By - Tim Rosado
The Treasury Department published a proposed rule (April 17) with new requirements on critical mineral and batter components that will affect electric vehicle (EV) purchases from this point forward (i.e., April 18). Treasury initially announced the requirements at the end of March.
There has been some concern that the new requirements could undermine efforts to get more EVs more quickly on US roads. But the restrictions, along with other measures intended to advance US manufacturing, were necessary to build adequate legislative support to ensure passage of the 2022 Inflation Reduction Act (IRA), the law that extended and expanded production and purchasing tax credits, and other incentives. The IRA set the requirement parameters that guided the specifics of the now published rule.
Core EV Rule Provisions
Consumers are eligible for up to a $7,500 tax credit per EV, for individuals earning no more than $150K, $300K for joint filers, and $225K for heads of households. Used vehicles purchased from a licensed dealer for $25,000 or less, may also be eligible for up to a maximum credit of $4,000, though tied to lower income limits.
For an EV to be eligible for the full credit during the current fiscal year (2023), 50% of battery components must be manufactured in North America. Another 40% of critical minerals must be extracted, processed, and/or recycled in the US or in a country where the US has a free trade agreement. If just one of these two standards is not met, then tax credit eligibility is limited to half the full credit, or $3,750.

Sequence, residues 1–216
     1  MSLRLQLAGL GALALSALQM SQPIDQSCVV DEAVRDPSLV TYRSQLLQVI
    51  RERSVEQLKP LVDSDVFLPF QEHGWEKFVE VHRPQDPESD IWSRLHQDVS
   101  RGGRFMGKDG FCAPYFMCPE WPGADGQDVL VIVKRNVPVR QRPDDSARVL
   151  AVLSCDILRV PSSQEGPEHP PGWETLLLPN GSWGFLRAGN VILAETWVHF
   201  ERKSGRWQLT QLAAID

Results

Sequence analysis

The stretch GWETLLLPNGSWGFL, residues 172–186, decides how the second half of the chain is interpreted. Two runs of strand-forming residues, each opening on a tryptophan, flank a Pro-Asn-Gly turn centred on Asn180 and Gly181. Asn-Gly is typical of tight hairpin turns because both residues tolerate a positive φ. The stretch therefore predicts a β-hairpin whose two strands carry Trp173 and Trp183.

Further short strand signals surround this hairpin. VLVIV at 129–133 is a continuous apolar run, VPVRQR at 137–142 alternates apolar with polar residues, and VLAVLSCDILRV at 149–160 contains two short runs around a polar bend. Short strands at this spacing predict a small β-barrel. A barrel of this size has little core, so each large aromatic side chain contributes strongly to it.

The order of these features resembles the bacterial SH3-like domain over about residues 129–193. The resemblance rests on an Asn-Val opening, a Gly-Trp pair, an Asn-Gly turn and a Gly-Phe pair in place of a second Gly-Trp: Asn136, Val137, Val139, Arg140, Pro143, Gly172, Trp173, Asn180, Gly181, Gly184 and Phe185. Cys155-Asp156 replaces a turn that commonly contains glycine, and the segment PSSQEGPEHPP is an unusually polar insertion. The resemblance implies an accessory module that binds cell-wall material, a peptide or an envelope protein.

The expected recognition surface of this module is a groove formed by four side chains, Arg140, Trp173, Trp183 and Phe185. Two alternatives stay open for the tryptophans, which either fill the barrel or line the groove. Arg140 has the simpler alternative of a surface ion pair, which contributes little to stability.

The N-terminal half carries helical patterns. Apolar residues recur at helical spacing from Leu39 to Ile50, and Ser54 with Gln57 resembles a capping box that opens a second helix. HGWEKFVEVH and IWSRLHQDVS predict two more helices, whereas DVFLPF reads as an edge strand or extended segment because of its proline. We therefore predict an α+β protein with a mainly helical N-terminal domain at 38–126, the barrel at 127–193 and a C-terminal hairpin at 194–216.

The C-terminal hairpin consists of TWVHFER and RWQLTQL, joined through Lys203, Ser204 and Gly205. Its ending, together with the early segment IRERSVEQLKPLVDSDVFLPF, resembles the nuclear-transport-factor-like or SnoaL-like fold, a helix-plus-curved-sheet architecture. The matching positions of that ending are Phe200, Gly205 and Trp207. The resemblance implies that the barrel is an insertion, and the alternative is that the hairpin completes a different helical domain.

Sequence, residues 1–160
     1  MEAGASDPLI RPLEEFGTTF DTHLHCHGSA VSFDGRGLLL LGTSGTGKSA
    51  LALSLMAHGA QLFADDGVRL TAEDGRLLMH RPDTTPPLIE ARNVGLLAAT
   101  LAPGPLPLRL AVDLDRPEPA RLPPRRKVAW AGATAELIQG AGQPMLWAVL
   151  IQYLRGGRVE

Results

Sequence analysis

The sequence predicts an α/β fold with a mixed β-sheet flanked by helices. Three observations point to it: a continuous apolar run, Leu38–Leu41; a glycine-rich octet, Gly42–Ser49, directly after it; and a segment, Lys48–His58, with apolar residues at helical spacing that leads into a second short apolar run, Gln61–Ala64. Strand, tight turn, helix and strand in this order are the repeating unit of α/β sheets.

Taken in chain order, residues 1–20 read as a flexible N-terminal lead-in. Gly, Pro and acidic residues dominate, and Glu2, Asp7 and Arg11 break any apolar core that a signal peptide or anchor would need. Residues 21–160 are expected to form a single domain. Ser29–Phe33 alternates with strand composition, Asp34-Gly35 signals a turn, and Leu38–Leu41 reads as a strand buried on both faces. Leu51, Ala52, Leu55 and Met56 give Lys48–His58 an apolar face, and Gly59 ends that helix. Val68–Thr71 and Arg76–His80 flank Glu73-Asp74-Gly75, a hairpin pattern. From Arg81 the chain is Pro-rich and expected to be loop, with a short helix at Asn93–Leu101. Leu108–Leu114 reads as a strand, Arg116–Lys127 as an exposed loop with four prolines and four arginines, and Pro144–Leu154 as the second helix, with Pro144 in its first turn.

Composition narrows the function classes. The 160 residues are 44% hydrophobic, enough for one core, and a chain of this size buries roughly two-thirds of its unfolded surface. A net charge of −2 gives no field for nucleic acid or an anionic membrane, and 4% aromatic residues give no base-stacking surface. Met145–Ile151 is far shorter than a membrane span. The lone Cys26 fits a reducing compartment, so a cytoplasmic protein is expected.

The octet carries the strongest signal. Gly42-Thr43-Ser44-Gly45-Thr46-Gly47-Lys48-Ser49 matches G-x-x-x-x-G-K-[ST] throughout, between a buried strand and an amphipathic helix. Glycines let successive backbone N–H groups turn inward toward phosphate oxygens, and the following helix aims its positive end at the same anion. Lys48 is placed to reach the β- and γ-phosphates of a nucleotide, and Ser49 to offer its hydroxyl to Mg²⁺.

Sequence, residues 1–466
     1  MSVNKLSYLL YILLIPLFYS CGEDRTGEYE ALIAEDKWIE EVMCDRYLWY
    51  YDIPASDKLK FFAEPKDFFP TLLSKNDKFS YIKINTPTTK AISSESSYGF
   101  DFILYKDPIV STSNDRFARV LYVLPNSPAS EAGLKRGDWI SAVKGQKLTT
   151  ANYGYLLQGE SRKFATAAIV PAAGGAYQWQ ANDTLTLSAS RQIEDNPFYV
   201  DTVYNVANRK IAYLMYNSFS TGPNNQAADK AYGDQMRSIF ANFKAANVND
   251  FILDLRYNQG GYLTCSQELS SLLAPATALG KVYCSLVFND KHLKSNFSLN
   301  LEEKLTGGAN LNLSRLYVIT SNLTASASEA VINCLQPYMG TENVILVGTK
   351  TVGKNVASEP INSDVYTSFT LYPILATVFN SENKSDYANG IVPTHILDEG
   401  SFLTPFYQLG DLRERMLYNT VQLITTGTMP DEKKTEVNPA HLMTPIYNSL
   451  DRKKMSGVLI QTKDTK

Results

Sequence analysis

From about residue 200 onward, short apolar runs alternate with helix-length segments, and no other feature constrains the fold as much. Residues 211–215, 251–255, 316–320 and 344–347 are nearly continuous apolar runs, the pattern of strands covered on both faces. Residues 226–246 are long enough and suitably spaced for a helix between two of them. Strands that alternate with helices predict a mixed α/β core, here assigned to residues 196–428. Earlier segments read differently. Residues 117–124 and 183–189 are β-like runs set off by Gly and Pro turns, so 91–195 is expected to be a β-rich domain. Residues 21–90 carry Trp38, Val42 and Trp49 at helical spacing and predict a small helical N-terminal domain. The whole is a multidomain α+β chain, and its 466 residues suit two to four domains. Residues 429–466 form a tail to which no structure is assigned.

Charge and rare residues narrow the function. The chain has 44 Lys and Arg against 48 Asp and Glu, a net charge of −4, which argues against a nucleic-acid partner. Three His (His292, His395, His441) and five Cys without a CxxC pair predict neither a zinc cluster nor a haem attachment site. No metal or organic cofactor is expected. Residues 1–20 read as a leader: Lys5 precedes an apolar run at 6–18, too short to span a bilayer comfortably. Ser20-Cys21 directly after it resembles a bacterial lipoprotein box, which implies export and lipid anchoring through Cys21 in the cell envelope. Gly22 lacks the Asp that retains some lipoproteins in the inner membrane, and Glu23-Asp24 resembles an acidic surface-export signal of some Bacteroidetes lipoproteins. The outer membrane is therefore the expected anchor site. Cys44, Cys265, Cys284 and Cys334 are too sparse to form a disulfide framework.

In addition to input content standards, the rules include two other key manufacturing standards: that “final assembly” of vehicles must occur in North America, and that the Manufacturer Suggested Retail Price (MSRP) must not exceed $80K for vans, sport utility vehicles and pickup trucks, and $55K for all other vehicles.
Until April, there had been concern that the guidance took too long to be issued, with Treasury generally permitting eligibility for the full credit despite mineral content requirements in the IRA. Going forward with the published requirements, vehicles placed-in-service on or after April 18 will be subject to content standards of law.
Perhaps the biggest near-term issue concerns the eligibility of specific vehicles. Treasury will generally permit vehicle eligibility based on the higher content standards where the US has a “free trade agreement” in effect, but the agency is taking an expansive view on the meaning of a free trade agreement (as the law does not define the term.)
Eligible international partners will include not only those in traditional and formally-approved (i.e., by the US Senate) trade agreements, but also newly-negotiated critical minerals agreements, including, according to Treasury, “if the agreements reduce or eliminate trade barriers on a preferential basis, commit the parties to refrain from imposing new trade barriers, establish high-standard disciplines in key areas affecting trade, and reduce or eliminate restrictions on exports or commit the parties to refrain from imposing such restrictions on exports, including for trade in the critical minerals contained in electric vehicle batteries.”